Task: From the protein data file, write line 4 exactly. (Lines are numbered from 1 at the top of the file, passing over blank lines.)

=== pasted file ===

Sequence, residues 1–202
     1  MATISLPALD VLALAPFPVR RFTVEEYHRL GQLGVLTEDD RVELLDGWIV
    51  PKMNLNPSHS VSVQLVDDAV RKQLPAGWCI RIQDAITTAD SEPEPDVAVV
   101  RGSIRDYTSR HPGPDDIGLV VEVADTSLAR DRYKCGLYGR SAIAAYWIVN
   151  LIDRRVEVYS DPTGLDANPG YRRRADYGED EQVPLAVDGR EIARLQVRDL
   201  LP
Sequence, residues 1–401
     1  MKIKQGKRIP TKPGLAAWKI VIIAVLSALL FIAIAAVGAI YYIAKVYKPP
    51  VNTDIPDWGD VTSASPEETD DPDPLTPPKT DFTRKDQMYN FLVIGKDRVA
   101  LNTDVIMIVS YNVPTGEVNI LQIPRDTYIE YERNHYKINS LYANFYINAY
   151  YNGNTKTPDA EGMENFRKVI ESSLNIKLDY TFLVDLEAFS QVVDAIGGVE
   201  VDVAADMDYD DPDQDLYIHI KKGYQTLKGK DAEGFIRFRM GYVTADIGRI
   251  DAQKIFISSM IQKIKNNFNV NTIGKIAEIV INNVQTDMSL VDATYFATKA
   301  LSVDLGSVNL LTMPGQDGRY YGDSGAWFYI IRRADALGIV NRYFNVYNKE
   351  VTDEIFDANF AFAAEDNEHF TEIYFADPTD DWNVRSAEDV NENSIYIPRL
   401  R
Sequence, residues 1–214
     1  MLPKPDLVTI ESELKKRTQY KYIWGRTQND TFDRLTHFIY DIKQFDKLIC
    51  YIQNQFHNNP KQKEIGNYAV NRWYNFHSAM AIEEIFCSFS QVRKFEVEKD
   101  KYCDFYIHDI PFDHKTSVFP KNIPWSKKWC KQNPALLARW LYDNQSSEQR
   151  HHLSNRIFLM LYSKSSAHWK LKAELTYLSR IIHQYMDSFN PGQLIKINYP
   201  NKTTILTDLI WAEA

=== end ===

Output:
   101  RGSIRDYTSR HPGPDDIGLV VEVADTSLAR DRYKCGLYGR SAIAAYWIVN